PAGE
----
The Human Health “Angle” of Light Pollution

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The more awareness we “shine” on the importance of dark skies, the more we learn of the detrimental effects to biological organisms. Last June, the American Medical Association (AMA) declared that light at night is harmful to our health. Most recently, researchers studying hamsters found that animals can pass the damaging effects of nighttime light exposure to their offspring. We amateur astronomers know the value of dark skies in satisfying our innate sense of wonder, our passion for science, and our psyches’ fondness for the vast silence of space. But how do we appeal to the folks who haven’t caught the astronomy bug?

If you’ve ever been motivated to protect dark skies, you now have the best “angle” to appeal to the artificial light-lovers. There is a growing body of evidence that there's a health cost to our increasingly illuminated nights. There is also a body of evidence on the healing effect of nature. Dark skies are the primordial sea of nature, but because of light pollution, few even regard the enormous vastness of space around us as nature. So, what can you do? Here’s a start:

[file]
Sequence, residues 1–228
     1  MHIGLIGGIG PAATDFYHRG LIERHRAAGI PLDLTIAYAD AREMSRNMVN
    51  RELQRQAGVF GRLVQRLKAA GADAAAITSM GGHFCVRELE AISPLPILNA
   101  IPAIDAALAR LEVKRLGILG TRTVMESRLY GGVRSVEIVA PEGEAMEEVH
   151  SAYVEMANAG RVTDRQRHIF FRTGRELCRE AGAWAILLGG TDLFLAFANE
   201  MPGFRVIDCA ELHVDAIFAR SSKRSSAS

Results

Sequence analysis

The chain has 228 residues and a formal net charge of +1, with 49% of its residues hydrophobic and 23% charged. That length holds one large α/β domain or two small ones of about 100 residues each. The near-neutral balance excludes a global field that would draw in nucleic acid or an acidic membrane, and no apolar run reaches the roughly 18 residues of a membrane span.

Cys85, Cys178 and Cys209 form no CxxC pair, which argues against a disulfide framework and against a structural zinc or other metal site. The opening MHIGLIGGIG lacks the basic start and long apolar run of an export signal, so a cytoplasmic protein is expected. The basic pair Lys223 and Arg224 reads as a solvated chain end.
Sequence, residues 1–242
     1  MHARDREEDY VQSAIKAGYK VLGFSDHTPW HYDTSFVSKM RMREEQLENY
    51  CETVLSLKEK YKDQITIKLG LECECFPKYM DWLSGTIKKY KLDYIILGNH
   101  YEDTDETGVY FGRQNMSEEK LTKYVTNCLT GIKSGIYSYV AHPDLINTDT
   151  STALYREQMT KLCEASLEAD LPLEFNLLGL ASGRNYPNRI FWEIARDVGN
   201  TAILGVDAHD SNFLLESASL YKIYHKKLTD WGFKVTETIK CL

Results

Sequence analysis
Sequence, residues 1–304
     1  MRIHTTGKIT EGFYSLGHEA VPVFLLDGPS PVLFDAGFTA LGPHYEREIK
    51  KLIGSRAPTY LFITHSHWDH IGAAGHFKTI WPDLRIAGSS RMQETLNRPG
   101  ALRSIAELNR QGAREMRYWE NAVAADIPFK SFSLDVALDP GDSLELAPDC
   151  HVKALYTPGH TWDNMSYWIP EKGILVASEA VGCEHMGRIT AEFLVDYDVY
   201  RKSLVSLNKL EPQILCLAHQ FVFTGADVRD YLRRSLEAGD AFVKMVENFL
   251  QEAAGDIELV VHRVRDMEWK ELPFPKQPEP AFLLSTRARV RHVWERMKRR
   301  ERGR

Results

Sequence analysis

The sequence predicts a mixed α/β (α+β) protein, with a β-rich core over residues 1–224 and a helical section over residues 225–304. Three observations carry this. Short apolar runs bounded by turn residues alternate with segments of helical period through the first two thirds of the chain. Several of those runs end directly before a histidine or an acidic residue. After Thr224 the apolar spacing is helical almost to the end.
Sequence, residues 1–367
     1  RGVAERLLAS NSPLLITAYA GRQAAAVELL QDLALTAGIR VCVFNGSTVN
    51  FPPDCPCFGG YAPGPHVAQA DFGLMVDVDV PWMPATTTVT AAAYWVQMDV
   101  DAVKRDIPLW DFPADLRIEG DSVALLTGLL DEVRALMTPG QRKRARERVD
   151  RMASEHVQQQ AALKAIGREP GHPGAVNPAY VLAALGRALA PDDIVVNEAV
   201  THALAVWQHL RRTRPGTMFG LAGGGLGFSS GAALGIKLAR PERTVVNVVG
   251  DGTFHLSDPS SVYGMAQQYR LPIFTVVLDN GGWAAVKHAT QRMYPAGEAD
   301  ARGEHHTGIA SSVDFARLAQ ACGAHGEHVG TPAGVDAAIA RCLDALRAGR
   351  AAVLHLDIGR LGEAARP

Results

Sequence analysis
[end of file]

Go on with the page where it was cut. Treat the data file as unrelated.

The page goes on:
1. Put out the message to all your social media connections, your neighbors, and your family about the detrimental health effects of light at night and the positive force of time in nature.
  2. Share gorgeous images of the stars that few ever get to see so folks know what soul enrichment they are missing, or better yet, share a view from your telescope.
  3. Share solutions found on the International Dark Sky Association website to curb light pollution.

Keep advocating for dark skies — everyone wins when you do.